Recap: State Rep. Victoria Neave Talks Women in Politics at TWU
As part of Texas Woman’s University’s Global Connections Initiative, the institution hosted “Women in Politics: A Talk with State Representative Victoria Neave” this past Monday, March 5. Being one of the most diverse campuses in the country and one of the largest universities in Texas that primarily serves women, the initiative “strives to create a campus climate of global awareness and understanding by providing a variety of multicultural experiences and connections for TWU students, faculty, staff, and community,” according to TWU’s website.
Neave was elected in 2016 to represent Texas House District 107, which includes parts of East Dallas, Mesquite, and Garland. Throughout her campaign, the first-time candidate said she learned that issues were more important than party, eventually winning her election and unseating a Republican incumbent. As she relayed the details of how she won the seat, Neave’s passion for women’s involvement in politics was increasingly evident, explaining that women only make up 20 percent of Texas House representatives. “We need 46 more women of any party,” she said, joking about the weirdness of debating women’s healthcare to a room full of men.
The daughter of a previously undocumented immigrant father, Neave grew up in Pleasant Grove, Texas, or “the barrio,” as she described it to her audience on Monday. Though her father arrived in the United States with just a sixth grade education, Neave said her parents stressed the importance of education to her from a young age. Initially, she was interested in the sciences and dreamed of becoming a doctor, but a passion for justice led her to get involved in a civil rights group in high school. Her interest in justice followed her through college, and Neave eventually decided to pursue a law degree. After graduating from law school, she was hired at one of the top 10 law firms in the country. However, she eventually left the firm to pursue a career in politics.
As a proud champion of women’s rights, it was important to the newly-elected representative that her first piece of legislation be related to a feminist cause, so she introduced House Bill 1729. The bill allows Texans applying for or renewing their license (and other identification certificates) to simply check a box to donate toward funding to test the enormous backlog of rape kits, some so old they have grown mold. Neave admits ordinary citizens should not have to “crowdfund” for something so important, noting the humiliation and discomfort of a 4-6 hour rape examination. However, the bill is expected to raise at least $1 million a year, generating $50,000 in the first month, and Governor Abbott has announced his intention to ensure government funds are allocated toward testing this backlog as well.
Although working across party lines seems difficult to navigate in today’s hyper-partisan political climate, Naeve gave an example of how beneficial reaching across the aisle can be.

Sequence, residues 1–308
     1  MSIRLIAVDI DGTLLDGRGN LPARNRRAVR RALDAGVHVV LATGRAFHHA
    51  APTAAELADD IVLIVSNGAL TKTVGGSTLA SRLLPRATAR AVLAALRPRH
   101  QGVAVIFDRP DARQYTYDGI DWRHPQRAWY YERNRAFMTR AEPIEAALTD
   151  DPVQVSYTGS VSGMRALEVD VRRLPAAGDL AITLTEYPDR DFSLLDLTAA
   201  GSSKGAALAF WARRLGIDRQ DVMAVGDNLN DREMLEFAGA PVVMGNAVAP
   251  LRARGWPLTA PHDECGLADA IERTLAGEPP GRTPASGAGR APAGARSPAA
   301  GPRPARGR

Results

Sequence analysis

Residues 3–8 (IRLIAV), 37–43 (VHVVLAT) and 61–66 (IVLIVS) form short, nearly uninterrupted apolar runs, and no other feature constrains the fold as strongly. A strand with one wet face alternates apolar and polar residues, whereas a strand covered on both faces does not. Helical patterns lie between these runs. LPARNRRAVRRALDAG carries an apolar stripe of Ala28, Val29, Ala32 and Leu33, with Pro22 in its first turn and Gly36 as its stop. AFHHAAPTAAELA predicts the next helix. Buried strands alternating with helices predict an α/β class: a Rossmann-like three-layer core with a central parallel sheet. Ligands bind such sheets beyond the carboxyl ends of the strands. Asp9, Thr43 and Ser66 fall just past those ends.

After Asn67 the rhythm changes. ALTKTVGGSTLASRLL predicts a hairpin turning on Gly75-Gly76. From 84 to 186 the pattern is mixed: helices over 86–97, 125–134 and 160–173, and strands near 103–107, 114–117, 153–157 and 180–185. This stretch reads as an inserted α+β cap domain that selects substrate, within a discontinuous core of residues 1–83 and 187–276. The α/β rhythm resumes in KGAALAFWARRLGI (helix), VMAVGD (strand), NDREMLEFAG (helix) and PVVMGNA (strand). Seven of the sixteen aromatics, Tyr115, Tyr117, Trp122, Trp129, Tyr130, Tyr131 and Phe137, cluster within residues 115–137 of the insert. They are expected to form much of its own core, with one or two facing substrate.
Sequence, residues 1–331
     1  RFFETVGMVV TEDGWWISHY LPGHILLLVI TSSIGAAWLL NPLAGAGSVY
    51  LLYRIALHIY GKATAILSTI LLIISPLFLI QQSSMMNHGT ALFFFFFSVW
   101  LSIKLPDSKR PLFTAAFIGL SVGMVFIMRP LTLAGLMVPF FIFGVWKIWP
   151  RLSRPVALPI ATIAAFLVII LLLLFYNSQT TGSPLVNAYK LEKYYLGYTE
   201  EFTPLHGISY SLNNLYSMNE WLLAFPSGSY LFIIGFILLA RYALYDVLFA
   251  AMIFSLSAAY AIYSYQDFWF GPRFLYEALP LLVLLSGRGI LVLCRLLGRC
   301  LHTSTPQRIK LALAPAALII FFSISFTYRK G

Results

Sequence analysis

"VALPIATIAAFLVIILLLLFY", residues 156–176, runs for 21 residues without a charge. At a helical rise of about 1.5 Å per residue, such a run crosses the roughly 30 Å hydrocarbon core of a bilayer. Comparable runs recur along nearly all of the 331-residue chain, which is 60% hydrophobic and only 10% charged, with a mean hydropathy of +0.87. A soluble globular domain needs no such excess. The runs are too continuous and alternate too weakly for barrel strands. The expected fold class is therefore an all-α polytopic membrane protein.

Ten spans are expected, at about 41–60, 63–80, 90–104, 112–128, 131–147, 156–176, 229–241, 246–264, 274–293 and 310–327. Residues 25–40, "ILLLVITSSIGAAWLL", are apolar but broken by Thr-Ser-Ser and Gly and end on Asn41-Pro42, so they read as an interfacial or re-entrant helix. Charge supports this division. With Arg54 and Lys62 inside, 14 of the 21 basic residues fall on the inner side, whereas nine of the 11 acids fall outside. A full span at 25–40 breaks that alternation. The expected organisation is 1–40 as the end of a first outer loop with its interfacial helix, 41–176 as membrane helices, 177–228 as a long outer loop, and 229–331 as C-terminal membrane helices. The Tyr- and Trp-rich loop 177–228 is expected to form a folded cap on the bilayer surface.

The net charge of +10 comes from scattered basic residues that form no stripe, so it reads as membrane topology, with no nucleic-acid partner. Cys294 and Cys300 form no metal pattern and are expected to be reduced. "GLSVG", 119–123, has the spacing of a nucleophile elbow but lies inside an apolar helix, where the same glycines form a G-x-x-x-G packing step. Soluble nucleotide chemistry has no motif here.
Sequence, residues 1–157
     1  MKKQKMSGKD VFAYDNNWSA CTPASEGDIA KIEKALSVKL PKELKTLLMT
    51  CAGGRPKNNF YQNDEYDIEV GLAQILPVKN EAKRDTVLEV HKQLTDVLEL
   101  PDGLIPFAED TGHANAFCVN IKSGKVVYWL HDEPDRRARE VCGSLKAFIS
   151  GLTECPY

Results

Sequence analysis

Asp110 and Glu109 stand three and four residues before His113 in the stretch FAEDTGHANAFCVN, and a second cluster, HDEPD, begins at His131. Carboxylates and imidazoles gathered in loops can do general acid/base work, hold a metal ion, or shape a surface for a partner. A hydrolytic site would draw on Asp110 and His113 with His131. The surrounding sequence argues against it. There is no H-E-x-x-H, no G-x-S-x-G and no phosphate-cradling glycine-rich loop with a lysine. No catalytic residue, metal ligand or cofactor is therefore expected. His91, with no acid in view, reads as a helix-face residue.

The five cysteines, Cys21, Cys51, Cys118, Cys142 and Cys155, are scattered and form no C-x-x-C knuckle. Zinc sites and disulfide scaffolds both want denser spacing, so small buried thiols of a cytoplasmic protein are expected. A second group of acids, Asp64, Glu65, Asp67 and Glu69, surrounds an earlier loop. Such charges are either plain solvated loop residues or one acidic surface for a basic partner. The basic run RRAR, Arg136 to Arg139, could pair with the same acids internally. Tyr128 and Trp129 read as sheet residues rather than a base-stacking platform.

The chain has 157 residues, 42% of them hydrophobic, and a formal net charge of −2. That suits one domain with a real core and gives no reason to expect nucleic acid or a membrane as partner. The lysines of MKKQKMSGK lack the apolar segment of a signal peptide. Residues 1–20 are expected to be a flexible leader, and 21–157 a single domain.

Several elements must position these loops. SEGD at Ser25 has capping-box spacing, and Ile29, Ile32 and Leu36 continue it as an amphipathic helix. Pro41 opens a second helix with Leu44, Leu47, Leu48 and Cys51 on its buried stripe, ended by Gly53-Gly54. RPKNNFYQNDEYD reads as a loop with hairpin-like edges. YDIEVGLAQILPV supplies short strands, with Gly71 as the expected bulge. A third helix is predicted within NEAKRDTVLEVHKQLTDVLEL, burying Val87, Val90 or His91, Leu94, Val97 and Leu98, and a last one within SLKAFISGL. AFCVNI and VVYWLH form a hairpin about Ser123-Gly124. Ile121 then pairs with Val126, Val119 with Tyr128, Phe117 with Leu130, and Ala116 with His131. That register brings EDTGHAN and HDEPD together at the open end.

“When folks don’t work together, things don’t get done,” she said, explaining how in her effort to build relationships with her fellow representatives, she made flashcards to help her memorize their names and other relevant information such as which committees they served on.
When Senate Bill 4, commonly known as the “Sanctuary City Bill”, which would allow police officers to demand proof of citizenship during routine encounters with citizens was introduced, many house Democrats furiously opposed it. Neave proposed an amendment to the bill which would allow local entities to prohibit police officers from assisting ICE in places of worship. To garner support from conservatives for her proposed amendment, Neave reached out to Republican state representative who doubles as a faith leader in his time away from the House floor and argued the importance of the amendment to communities of faith. After convincing him to support the protection of places of worship, they worked together to win the support of enough conservatives to pass the amendment.
An overarching theme of Neave’s talk was the importance of young people’s political involvement and the need for more diverse representation in our government.
“Millenials don’t realize their power for structural change when voting. If every student registered to vote, Democrats could win,” Neave said.
According to her campaign manager Ramiro Luna, a DREAMer and psychology major at UNT, Neave is dedicated to helping young people run for office. Her campaign fellowship gives high school and college students the opportunity to learn about the ins and outs of campaigning through four intimate sessions with elected officials.
At the end of her talk, Neave left the audience with words of encouragement.
“Don’t let anybody tell you that you can’t do something. If you want to serve, don’t let anyone get in your way.”
Global Connections at TWU’s next public event “Telling Your Story: A Workshop with Jennifer Sarver” is Monday, April 9 from 3-5 p.m. in ACT 301. More information can be found on their page of the TWU website, linked below:
Header image layout design by Christopher Rodgers